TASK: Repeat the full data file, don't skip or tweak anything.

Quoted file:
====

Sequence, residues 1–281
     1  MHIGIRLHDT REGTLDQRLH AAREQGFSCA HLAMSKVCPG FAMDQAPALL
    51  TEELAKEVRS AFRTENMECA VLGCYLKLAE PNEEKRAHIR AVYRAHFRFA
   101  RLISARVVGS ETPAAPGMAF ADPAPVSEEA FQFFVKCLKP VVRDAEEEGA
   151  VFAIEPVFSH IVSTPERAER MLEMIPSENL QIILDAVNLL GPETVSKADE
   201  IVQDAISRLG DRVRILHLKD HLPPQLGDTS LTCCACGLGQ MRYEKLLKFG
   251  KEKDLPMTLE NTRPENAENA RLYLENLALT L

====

Sequence, residues 1–281
     1  MHIGIRLHDT REGTLDQRLH AAREQGFSCA HLAMSKVCPG FAMDQAPALL
    51  TEELAKEVRS AFRTENMECA VLGCYLKLAE PNEEKRAHIR AVYRAHFRFA
   101  RLISARVVGS ETPAAPGMAF ADPAPVSEEA FQFFVKCLKP VVRDAEEEGA
   151  VFAIEPVFSH IVSTPERAER MLEMIPSENL QIILDAVNLL GPETVSKADE
   201  IVQDAISRLG DRVRILHLKD HLPPQLGDTS LTCCACGLGQ MRYEKLLKFG
   251  KEKDLPMTLE NTRPENAENA RLYLENLALT L